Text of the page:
The Essay

Some Through The Fire

Please meet Ellery Theodore Hicks, a man on fire.

It’s 1939 in Paris.

Texas, not France.

America is finally snapping back from its dalliance with disaster. The stock market crash of 1929 is a full ten years past. 1939 would be recognized by historians as the final year of The Great Depression. Restlessness is a pungent, elusive aroma hanging over the population like the smell of baking bread. So long in the grip of hardship and hunger, many just taking their first strides into adulthood seek adventure, pleasure, an escape from the painful constrictions of a harsh existence.

On the surface, Paris, Texas, is a sleepy East Texas town of twenty thousand souls. But there is an element – a rowdy minority comprising the seedy, hush-hush underbelly of the little town with the big name. Maybe it is that name, Paris, the birthplace of the Bohemians, the capitol where fashion rules and passion overrules, the city of lights…and sensual delights – maybe it is that name that stirs the imagination of those desperately seeking a thrill…or meaning…or something to believe.

Besides, Paris, established in 1845 as a town in the Republic of Texas, was born to be wild. Situated as the last post on the Central National Road of Texas, which ran from San Antonio northward to the Red River, Paris became a cattle and farming center. The Railroad came to town in 1876 and the town caught fire, literally, in 1877. It burned again in 1916.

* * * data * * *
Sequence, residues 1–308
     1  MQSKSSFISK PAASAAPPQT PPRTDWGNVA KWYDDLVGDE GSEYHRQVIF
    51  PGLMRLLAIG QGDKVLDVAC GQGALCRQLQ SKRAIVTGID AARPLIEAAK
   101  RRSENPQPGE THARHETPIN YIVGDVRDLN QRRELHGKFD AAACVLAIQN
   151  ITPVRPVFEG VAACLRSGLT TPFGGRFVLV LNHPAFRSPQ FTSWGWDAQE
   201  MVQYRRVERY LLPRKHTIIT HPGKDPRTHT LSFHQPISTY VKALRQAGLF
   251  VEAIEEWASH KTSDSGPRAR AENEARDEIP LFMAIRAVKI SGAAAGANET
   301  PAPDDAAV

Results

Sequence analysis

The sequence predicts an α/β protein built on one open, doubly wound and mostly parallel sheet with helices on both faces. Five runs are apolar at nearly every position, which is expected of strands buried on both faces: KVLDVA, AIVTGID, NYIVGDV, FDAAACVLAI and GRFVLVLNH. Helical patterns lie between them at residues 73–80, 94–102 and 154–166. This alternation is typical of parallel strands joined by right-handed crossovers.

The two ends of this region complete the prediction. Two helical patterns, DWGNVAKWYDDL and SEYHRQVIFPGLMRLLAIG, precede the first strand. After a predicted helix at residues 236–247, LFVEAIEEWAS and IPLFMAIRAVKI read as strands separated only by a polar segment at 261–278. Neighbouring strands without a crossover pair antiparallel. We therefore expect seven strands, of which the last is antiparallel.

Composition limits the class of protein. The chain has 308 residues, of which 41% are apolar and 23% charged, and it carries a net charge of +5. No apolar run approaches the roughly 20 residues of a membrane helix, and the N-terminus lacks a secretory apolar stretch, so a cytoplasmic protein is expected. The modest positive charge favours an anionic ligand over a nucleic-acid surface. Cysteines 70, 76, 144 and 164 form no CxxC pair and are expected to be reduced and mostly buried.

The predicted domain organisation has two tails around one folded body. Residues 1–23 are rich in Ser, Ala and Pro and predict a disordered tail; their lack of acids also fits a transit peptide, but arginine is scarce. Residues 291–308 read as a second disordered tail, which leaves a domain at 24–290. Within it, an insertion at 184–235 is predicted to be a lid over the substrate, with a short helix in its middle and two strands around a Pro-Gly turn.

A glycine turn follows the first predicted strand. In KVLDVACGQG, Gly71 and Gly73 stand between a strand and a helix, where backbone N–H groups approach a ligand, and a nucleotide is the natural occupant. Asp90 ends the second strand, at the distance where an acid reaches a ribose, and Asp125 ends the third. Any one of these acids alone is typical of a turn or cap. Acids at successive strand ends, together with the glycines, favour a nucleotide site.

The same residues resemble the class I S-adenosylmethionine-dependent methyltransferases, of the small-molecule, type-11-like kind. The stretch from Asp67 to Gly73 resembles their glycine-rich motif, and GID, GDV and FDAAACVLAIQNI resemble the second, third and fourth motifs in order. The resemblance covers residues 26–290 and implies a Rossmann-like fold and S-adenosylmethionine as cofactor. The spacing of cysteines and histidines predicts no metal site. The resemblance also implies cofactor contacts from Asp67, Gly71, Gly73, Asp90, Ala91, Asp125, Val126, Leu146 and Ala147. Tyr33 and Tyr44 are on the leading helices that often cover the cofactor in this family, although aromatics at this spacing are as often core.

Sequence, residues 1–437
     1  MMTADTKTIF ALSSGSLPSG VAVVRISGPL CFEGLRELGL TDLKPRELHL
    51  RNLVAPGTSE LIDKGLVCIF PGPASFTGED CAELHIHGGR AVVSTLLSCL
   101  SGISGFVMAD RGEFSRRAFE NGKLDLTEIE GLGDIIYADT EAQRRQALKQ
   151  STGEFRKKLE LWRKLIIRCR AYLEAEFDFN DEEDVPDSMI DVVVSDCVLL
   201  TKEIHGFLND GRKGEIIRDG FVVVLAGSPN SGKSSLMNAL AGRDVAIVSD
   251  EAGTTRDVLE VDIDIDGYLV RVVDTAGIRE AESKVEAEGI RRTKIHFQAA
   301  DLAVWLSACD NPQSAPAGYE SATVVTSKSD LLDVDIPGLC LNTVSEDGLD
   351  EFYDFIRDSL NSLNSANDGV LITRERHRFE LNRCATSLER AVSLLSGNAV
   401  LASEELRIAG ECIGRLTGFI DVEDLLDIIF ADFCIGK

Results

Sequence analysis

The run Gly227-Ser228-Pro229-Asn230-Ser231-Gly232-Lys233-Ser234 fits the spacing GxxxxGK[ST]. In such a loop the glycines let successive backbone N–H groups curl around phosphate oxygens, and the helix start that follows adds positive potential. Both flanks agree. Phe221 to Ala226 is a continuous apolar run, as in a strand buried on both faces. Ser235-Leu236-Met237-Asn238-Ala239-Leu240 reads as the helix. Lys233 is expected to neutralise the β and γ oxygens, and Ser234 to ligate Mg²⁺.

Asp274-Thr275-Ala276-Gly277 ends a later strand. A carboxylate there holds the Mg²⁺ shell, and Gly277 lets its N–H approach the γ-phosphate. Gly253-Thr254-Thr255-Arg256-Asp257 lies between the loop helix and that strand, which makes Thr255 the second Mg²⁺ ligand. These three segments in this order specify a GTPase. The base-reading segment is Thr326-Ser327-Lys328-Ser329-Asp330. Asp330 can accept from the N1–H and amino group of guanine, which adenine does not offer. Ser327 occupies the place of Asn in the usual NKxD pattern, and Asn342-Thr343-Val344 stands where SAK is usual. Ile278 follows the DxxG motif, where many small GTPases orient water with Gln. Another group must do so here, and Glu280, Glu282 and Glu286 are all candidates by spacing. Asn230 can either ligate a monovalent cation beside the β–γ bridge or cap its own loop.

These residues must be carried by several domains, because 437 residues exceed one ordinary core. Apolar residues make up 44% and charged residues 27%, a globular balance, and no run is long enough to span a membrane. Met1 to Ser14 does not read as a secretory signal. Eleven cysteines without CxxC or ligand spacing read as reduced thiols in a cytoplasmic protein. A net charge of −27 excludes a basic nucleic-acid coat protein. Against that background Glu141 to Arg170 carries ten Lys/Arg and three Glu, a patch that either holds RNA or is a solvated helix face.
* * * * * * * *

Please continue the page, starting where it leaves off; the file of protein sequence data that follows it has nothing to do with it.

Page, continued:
Paris nearly burned to the ground in its second major fire, March 21, 1916. The fire spread to more than a mile in width, ravaging the city, reducing 1,439 buildings to smoldering ashes.

From those ashes rose the resilient city that would produce Ellery Theodore “Ted” Hicks. Born March 18, 1917, almost a year to the day after the devastating fire, Ted was himself destined to be a man on fire.

In 1939, Ted was 22 years old, tall, thin, handsome, and smooth. He was married to his sweetheart, the petite, feisty, attractive Sceleta Brown Hicks. They had a small child. The restlessness of the city and the country in general settled into Ted’s bones like a rheumatic ache. He was itching for adventure and, along with a friend he met at work, drank it up double-fisted. Night after night, he stumbled from tavern to gambling hall to the beds of strange women. In a booklet he would publish years later, regarding those days, he wrote, “I became a habitual drunk…[and] professional gambler, and…thief.”[1]

In his lust for adventure and thirst for the high life, Ted all but abandoned his wife and child.

He wrote, “My wife had to go to picking cotton to make a living for her and my child. I was spending everything I could make…and steal on myself and other women.”[2]

Resisting the pleas of his father and ignoring the plight of his wife and child, Ted plowed ahead into debauchery and reckless abandon until one fateful night when he and his buddy, already sauced and lathered, decided to slip north across the Red River into Oklahoma to scare up more excitement.